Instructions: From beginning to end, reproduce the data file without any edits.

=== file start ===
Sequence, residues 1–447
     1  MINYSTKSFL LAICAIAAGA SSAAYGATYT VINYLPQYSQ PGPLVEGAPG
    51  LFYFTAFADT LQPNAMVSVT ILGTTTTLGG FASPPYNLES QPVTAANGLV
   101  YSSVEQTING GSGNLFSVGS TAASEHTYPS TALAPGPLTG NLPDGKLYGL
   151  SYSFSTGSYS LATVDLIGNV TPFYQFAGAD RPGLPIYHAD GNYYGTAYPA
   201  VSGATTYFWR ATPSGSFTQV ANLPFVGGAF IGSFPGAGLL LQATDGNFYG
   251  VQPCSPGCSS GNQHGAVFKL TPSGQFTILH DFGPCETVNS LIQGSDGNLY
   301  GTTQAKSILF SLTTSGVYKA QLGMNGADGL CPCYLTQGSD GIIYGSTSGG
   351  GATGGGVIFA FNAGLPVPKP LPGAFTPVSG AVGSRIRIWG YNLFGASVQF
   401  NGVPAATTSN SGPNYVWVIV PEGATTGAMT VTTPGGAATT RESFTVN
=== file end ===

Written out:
Sequence, residues 1–447
     1  MINYSTKSFL LAICAIAAGA SSAAYGATYT VINYLPQYSQ PGPLVEGAPG
    51  LFYFTAFADT LQPNAMVSVT ILGTTTTLGG FASPPYNLES QPVTAANGLV
   101  YSSVEQTING GSGNLFSVGS TAASEHTYPS TALAPGPLTG NLPDGKLYGL
   151  SYSFSTGSYS LATVDLIGNV TPFYQFAGAD RPGLPIYHAD GNYYGTAYPA
   201  VSGATTYFWR ATPSGSFTQV ANLPFVGGAF IGSFPGAGLL LQATDGNFYG
   251  VQPCSPGCSS GNQHGAVFKL TPSGQFTILH DFGPCETVNS LIQGSDGNLY
   301  GTTQAKSILF SLTTSGVYKA QLGMNGADGL CPCYLTQGSD GIIYGSTSGG
   351  GATGGGVIFA FNAGLPVPKP LPGAFTPVSG AVGSRIRIWG YNLFGASVQF
   401  NGVPAATTSN SGPNYVWVIV PEGATTGAMT VTTPGGAATT RESFTVN